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Gary Smith
June 26, 1995
Roy Jones Jr., the best boxer pound for pound, was raised under the rules of cockfighting: win or die
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June 26, 1995

One Tough Bird

Roy Jones Jr., the best boxer pound for pound, was raised under the rules of cockfighting: win or die

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O.K., so he made mistakes now and then, got too close to beer, to women, to fists. So he fathered that second son out of wedlock, seven years after Little Roy was born. His firstborn son would remedy all that. Big Roy would make sure of it. His firstborn would be champion of the world one day...from a distance.

Happy? You're ready for a happy moment? Happy's when Big Roy lumbers into the house after another 14-hour workday, sees Little Roy and his sister Tiffany wriggling around to some R&B and snorts, "You kids don't know how to dance," and then starts doing the Funky Chicken and the Shovel around the room. Really happy? "You never saw Big Roy happier than when he was at a cockfight," says Wilfred Grant, a friend from north of Pensacola. "Happy like a little kid openin' his presents on Christmas mornin'." Happy like a man who's in a place that proves what he always suspected about life, a man in the pit where all complexity vanishes and every male bird has but one choice: conquer or die.

Little Roy can't help it; he gets swept up in it too. He's in a war for survival, just like the birds, and he's looking everywhere for clues. What makes the blue-gray rooster do what he does that day at the cockfight in Prairieville, La.? What makes him stagger—all but comatose, being pecked and slashed to pieces—to the pit wall, use it like a crutch to hold himself upright and somehow end up killing his opponent at the end of a two-hour war? There's a lesson his father never taught him. Everything can be a survival skill. Even leaning.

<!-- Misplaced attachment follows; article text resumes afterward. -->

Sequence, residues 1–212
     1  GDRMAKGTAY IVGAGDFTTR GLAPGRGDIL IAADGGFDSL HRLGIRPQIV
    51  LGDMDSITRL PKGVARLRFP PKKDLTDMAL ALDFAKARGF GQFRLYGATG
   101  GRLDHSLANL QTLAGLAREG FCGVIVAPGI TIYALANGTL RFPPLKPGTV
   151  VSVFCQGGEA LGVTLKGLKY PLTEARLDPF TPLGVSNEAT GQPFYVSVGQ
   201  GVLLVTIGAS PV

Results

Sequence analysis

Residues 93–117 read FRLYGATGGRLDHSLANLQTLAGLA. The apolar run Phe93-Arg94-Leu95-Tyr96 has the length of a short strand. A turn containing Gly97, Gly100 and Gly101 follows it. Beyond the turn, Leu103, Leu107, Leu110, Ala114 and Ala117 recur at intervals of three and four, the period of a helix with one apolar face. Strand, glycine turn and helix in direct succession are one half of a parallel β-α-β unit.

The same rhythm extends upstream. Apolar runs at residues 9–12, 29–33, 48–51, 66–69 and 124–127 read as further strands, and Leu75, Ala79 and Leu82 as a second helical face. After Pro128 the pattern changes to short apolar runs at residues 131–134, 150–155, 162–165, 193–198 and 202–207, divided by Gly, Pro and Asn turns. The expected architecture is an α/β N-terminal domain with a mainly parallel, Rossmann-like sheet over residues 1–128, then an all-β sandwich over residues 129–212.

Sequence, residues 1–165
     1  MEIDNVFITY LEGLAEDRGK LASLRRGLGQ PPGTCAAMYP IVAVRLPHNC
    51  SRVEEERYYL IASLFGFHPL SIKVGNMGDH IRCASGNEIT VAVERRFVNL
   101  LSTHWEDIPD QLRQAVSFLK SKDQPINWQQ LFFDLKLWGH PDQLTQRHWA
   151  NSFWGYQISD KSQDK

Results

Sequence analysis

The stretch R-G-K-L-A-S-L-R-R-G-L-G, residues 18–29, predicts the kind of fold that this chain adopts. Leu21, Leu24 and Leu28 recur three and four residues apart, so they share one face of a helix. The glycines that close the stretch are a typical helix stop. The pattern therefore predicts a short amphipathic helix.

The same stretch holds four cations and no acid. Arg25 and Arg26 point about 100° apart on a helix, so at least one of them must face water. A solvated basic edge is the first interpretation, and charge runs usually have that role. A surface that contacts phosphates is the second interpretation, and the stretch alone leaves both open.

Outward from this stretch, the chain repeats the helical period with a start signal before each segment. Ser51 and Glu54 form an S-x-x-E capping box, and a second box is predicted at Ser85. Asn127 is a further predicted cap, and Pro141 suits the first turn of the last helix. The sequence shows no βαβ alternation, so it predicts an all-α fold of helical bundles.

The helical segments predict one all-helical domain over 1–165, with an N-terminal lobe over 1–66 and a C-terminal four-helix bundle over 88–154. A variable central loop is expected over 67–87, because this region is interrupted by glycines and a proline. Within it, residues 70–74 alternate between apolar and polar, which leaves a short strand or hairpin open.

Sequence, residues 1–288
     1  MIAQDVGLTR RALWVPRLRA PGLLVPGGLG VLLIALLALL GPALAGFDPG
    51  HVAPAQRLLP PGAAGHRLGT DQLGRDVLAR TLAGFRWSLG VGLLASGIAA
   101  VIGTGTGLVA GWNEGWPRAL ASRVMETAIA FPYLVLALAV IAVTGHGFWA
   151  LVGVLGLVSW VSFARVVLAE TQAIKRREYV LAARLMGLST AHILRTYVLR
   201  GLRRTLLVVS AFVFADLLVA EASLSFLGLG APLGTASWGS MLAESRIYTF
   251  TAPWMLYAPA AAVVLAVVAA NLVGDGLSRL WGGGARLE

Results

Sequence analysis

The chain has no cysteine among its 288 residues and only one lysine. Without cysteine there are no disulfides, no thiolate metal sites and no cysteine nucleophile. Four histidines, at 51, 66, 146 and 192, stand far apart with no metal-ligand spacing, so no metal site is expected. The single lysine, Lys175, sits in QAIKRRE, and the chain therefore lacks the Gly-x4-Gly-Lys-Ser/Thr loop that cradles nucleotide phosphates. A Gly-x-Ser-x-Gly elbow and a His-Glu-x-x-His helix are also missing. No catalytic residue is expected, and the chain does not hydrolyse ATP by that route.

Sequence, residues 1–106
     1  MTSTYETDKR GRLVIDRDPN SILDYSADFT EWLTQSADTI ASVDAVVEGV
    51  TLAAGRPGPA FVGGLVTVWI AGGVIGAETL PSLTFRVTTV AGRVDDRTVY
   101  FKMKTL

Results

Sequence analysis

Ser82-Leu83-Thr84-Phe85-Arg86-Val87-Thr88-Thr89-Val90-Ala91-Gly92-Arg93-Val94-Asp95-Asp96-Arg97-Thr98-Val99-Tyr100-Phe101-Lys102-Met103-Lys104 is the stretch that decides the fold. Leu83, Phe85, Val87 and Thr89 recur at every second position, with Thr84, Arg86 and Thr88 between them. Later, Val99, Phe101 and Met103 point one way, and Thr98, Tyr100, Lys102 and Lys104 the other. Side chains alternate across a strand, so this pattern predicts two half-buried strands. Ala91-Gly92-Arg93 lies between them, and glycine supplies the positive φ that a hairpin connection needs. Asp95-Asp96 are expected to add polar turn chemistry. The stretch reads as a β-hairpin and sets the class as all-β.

Little Roy goes out in his yard and studies the birds that Big Roy collects. The way the male bitties have to scurry out of the way of their fathers from the day they're born, the way fathers and sons must be placed in separate cages by the time the offspring reach six months so they don't kill one another. It soothes him. Maybe there's nothing so wrong with the way he's growing up. Maybe it's just how God makes fathers and sons.

He's 15 now, wearing shoes his feet are about to come through. He's learning the game. He won't ask his father for new shoes. He's riding home from three fights in Mississippi, feeling the way roosters who make it out of the pit must feel. Just beat a kid in a high school gym in Ocean Springs, tattooed another at the Air Force base in Biloxi and then polished off one for the road at a golf course in Gulfport—all in one day. His soul emerges in the ring; he struts and preens the way the great fighting roosters do. He has already won the National Junior Olympics title at 119 pounds. Slick? It's like Jackie Holley, a woman who also trained under Big Roy, says: "Snot and okra had nothin' on Little Roy when it come to slick." His career is so different from the old man's. The boy's opponents barely touch him. He'll be rocked only once, during an amateur fight against Frankie Liles, but won't go down.

Now it's late, and the other boxers in the van are asleep. The boy hasn't seen or felt any love, can't read it in the way Big Roy's hands get so worried before his son fights, the way they keep double-and triple-checking pockets for tape, scissors, cigarettes. Now's the only time Big Roy will let it squeak out. "Fought good today," he says. That's it. He'll tell his friends and the people he asks for donations that the kid's going to be a world champion, but that's it for the boy.

Tomorrow Little Roy will be back under the 95° sky and his father's glare, pistoning out the push-ups, skipping rope for up to an hour, sparring eight rounds with no break, fresh partners coming at him every three minutes. Running circles round and round Big Roy's sawed-off broomstick, one finger on its tip, until he's drunk-dizzy, then coming out jabbing, feinting, moving, readying himself for the day when he's staggered by a punch. Bobbing and weaving under the two long crossed boards that bristle with nails to let him know when he makes a mistake. Holding a brick in each hand, arms straight out, for three minutes, four, five.... Doing wind sprints under the interstate that runs through Pensacola on concrete pillars, his father nipping at his heels with the PVC pipe, stinging the backs of his thighs whenever he slows, screaming, "Wanna be a participant—or a kingpin?"


"Then what's wrong with you?"

What is love, anyway? If a man's life has convinced him that the world is a cockfight, then it's love to turn his son into the most powerful cock of all, isn't it? Isn't it? "He'd slap Little Roy, punch him, scream at him," says Nelson Fountain, another of Big Roy's boxers. "You'd never know it was his own son."

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